Listening to Museums: Sound mapping towards a sonically inclusive museology
by John Kannenberg

Abstract: What are some possible strategies for engaging with a museum soundscape? Could listening to museums lead to the development of a sonically inclusive museology? In my artistic practice, I make sound maps of museums including the Egyptian Museum in Cairo, the Art Institute of Chicago, Tate Modern in London, and The Pitt Rivers at Oxford. These sound maps are immersive audio tours juxtaposing sounds in new contexts like museum curators juxtapose objects in exhibitions. I also make blind listening sketches of museum soundscapes using an evolving lexicon of museum sound symbols. In this paper, I contextualise my museum sound mapping strategies within practices of sound arts and other mapping practices, and provide documentation of my results, including sound compositions and drawings that map my acts of listening to museum soundscapes.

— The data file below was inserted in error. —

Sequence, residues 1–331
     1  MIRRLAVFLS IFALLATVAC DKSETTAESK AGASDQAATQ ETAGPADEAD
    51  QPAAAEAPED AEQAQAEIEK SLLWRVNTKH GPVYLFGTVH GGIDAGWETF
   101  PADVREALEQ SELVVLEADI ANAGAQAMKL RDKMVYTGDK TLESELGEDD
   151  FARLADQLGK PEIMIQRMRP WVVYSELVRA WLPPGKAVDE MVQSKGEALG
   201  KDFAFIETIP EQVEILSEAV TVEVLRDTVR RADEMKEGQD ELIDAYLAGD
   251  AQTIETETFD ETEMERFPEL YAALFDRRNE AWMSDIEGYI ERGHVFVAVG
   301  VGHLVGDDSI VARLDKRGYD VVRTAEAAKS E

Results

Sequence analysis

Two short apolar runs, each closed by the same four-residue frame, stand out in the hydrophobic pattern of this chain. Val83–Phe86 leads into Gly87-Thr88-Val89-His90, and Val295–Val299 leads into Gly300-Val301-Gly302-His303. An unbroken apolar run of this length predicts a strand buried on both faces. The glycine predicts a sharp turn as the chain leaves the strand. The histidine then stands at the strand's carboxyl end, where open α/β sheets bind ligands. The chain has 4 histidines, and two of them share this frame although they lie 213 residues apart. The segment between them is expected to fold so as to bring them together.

Issue No. 6, Colin Sackett, Devon, UK, 2016

Why Listen to Museums?
by John Kannenberg

Text of a gallery talk given at the National Gallery, London, on 4 September 2015. Listen to an audio recording of the talk.

Sound and Vision Blog

The British Library, London, 2013

Listening to the Active Sounds of History: field recording and museums
by John Kannenberg